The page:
October is Maafa Commemoration Month. The term Maafa refers to the Black Holocaust, that period when African people were stolen and traded in the greatest, most widespread cooperative economic venture to date, which resulted in the displacement of human beings as commodities. The Kiswahili term Maafa extends that definition of loss and trauma, that is, PTSD or post-traumatic slave syndrome – the flashbacks, both conscious and unconscious, reoccurring instances of the atrocities 150 years after the end of slavery which have direct association to the brutality of chattel slavery.
Against the background of the mass revolutionary Black power and prisoners’ movements in the U.S., a four day revolt began on Sept. 13, 1971, at the Attica Correctional Facility near Buffalo, N.Y. Its repression killed 39 people. When George Jackson, Black Panther and political prisoner, was murdered at San Quentin by the guards on Aug. 21, 1971, his book “Soledad Brother” was being passed from prisoner to prisoner and tensions were running mounting. A prisoners’ rights movement was growing.
Although what we call rock began with musicians from the era of Chuck Berry and Little Richard, it has long been associated with being a white genre of music, characterized more historically by the music of Elvis Presley and the Beatles. That is the reason I wanted to do this interview with the Black Houston-based rock group Peekaboo Theory.
A recent evening at the African American Museum and Library in Oakland was special. The line wrapped around the corner of 14th Street at Martin Luther King Jr. Way as people lined up to hear Isabel Wilkerson talk about her book, “The Warmth of Other Suns: The Epic Story of America’s Great Migration.”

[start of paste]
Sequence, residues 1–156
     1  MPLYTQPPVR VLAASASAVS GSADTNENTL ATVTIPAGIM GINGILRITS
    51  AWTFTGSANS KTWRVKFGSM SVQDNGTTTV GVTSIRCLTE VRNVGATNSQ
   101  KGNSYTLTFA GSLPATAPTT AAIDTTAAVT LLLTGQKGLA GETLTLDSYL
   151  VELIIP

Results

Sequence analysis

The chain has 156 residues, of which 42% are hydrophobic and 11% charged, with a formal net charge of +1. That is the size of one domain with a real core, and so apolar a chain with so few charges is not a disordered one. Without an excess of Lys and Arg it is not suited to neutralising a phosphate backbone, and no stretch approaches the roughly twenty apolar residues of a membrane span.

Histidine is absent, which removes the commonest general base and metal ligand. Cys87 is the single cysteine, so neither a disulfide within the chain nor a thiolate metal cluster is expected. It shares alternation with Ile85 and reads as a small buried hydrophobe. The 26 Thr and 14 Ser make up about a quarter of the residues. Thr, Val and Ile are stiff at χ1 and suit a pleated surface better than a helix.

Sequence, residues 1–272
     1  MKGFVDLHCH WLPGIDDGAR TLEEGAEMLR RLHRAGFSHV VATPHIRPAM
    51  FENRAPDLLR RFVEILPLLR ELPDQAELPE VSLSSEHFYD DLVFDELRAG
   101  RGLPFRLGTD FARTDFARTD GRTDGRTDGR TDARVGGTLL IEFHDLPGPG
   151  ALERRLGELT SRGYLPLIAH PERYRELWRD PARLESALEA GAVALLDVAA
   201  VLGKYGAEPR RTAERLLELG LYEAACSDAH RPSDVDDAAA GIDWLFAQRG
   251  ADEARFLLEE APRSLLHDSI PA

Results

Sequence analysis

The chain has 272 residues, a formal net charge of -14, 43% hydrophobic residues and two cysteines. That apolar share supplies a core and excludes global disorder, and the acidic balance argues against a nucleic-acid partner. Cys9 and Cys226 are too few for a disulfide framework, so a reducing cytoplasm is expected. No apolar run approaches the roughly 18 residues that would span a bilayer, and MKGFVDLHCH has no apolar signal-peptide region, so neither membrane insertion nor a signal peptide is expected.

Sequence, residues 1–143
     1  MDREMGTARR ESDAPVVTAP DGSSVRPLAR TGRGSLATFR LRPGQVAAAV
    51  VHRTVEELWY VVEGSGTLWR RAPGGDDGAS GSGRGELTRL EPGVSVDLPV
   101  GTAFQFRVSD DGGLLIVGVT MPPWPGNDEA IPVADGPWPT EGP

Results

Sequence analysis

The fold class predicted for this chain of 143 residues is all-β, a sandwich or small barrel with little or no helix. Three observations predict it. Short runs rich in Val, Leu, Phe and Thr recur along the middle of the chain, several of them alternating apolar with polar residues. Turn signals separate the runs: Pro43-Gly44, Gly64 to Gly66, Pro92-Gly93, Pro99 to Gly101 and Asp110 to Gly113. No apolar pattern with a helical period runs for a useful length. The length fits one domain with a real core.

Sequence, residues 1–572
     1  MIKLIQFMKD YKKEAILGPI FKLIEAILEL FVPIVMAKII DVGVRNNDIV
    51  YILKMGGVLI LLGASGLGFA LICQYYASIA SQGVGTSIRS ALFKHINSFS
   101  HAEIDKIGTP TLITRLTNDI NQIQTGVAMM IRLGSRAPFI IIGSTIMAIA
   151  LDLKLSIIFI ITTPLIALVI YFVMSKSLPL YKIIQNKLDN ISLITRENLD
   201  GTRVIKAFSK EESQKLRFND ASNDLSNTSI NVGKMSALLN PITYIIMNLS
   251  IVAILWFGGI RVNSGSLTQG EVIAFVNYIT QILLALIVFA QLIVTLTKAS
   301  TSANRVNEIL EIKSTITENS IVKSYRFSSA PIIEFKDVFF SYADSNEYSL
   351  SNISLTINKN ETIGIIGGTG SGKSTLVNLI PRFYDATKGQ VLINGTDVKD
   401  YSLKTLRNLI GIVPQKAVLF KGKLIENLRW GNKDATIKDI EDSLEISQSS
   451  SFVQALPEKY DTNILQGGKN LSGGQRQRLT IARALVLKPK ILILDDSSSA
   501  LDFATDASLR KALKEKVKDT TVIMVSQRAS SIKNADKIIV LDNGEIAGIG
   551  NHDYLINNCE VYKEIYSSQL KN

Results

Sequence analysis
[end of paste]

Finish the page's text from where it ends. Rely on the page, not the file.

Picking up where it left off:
“A new report claims farmers in Africa are being driven off their lands to make way for vast new industrial farming projects backed by hedge funds seeking profits and foreign countries looking for cheap food. "
At Chevron’s annual shareholder meeting, impacted community members who had traveled to the company’s headquarters from around the globe confronted CEO John Watson with the brutal human and environmental abuses caused by the oil giant’s operations.
As we pay tribute to the legends and pioneers of Juneteenth, like early Juneteenth pioneer Rev. Jack Yates (John Henry Yates), we give a special salute and on-stage re-creation of one of the early Juneteenth celebrations, then called “Freedom Day Celebrations,” by ex-slaves in a nightclub.
Crying “Have a Heart, Save Our Homes,” a large Bay Area coalition marched in a driving rain from City Hall to the San Francisco Federal Building – Causa Justa/Just Cause, San Francisco Coalition on Homelessness, POOR Magazine/Prensa POBRE and many more.
On Feb. 18, 7 p.m., at Modern Times Bookstore, Krip-Hop Nation will present an author panel of new books by Black disabled writers and friends, including Toni Hickman of Texas, Adarro Minton of New York, Allen Jones of San Francisco and friends of Krip-Hop Nation, DC Curtis and Bones Kendall of Los Angeles.
Although on a very small scale (which by no means diminishes the deed), we, the people, have wrought a revolution – “a sudden and momentous change in a situation” – and accomplished in 12 days what the powers that be have repeatedly told us would never happen.